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3 smart things I would do with £1,000 right now

Do you watch those TV game shows that offer nice but modest amounts of cash? I’m a Pointless regular, which offers escalating prizes from £1,000, and the finalists are always asked what they’ll do with the money if they win.

They usually say they’ll go to Vegas, or buy a new shed, or have the dog repainted, or whatever. In the years I’ve watched, I’ve never heard anyone say they’ll just add it to their savings, or invest it in a good dividend-paying stock, or anything sensible but boring like that.

So what would I do with a £1,000 that came my way unexpectedly? Putting aside the fact that I’m married, which means it would be a management decision, I’d be thinking the following.

Pay off debt

If I had any non-mortgage debt, like credit card debt, the £1,000 would go towards clearing that as my number one priority. Saving the money isn’t an attractive proposition, not when Cash ISAs are offering pitiful annual interest rates of around 1.5%, or less.

Investing in good dividend stocks is a tempting proposition, especially with the FTSE 100 on an overall forecast yield of 4.5%. And you should be able to do even better with individual shares.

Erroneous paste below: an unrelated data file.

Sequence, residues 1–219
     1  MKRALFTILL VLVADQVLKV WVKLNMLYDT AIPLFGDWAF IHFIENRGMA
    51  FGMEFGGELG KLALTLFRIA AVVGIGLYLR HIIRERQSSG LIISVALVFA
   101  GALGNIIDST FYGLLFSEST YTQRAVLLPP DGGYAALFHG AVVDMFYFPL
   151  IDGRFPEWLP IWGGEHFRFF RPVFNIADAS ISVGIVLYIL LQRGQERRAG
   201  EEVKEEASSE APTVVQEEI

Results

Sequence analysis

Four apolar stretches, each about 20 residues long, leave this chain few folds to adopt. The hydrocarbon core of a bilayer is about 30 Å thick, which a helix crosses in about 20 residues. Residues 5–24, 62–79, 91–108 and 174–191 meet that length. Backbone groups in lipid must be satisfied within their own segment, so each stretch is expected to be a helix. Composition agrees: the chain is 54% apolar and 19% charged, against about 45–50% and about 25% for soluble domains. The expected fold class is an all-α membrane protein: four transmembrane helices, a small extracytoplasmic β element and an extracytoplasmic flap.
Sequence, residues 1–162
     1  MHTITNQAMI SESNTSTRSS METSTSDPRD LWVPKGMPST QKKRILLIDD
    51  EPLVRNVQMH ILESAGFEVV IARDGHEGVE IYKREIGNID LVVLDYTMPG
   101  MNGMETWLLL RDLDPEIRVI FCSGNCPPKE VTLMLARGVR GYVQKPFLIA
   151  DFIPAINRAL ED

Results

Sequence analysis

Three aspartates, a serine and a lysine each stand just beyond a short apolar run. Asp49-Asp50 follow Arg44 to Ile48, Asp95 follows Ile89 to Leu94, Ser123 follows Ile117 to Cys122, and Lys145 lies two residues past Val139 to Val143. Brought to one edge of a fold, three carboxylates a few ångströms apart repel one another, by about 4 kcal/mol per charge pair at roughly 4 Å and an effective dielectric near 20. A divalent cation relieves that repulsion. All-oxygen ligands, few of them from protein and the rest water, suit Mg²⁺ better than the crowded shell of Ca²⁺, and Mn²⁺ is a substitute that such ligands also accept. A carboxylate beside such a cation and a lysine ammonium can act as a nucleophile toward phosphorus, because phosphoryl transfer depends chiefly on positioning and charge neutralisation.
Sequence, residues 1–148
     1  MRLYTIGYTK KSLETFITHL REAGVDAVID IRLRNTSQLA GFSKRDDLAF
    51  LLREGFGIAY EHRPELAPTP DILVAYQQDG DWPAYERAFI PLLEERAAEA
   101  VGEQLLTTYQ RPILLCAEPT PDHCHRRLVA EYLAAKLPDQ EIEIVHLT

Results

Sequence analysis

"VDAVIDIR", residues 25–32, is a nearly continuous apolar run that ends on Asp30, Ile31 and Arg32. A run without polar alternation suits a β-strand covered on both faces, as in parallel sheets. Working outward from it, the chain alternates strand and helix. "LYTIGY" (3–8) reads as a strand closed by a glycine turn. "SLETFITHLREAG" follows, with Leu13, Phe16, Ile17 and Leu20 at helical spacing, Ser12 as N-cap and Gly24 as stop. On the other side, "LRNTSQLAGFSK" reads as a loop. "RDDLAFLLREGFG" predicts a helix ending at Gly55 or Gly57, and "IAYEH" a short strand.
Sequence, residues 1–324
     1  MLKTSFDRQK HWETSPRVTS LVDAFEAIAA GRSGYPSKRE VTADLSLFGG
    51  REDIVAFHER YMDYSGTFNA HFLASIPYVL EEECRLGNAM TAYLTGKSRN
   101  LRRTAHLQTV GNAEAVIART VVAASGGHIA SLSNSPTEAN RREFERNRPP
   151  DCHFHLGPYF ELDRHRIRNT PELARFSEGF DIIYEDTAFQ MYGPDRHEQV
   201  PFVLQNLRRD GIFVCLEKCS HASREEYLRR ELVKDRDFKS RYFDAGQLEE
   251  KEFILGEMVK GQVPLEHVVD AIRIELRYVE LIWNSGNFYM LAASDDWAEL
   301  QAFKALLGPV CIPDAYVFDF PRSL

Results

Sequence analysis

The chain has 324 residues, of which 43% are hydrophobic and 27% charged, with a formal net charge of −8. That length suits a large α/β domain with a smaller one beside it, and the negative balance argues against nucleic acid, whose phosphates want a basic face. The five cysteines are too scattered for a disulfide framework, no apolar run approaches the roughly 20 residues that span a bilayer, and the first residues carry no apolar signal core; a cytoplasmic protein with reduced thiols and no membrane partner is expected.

But where’s the point in earning even 4.5% from an investment while paying, what, 30% or worse in credit card interest? It’s a guaranteed losing combination. So the £1,000 would go straight off that debt, saving me £300 or so in interest that I’d have almost no chance of recovering from a stock investment.

Savings

I poo-poo the idea of saving at current interest rates. But what I’m really railing against is the idea of tying up long-term investments for such meagre rewards. But we really should have some sort of cash stash put aside for short-term emergencies.

Do you want to be like that family on the telly whose boiler has broken and they can’t have showers, and they all have to stink for a day while Mum arranges a short-term loan at an astronomical interest rate to get it fixed? Payday loans might seem like a handy way to get out of an emergency cash squeeze, but you’d be so much better off if you had a boiler-repair amount of cash saved somewhere to cover things like that.

So I say don’t go to Vegas, but put the money into a short-term cash pot, and try to get it up to at least the equivalent of a month’s salary.

Investments

Now I’m probably expected to say here that I’d be very sensible and, with no non-mortgage debt and with a bit of short-term cash saved up, I’d invest it all in blue-chip investments paying decent dividends.

But actually, if there’s anything I really wanted to buy, I’d probably go for it. I’ve been prevaricating over getting a tripod for macro photography for months, and I’d need a solid one that would cost about £200. So I’d get one.

Then the rest of my grand, around £800, would indeed go into a stock investment, and I’d be picking one of the many current great dividend payers in the FTSE 100. But if I ever make the final of Pointless, I’ll tell them I plan to buy two sheds.

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Views expressed in this article are those of the writer and therefore may differ from the official recommendations we make in our subscription services such as Share Advisor, Hidden Winners and Pro. Here at The Motley Fool we believe that considering a diverse range of insights makes us better investors.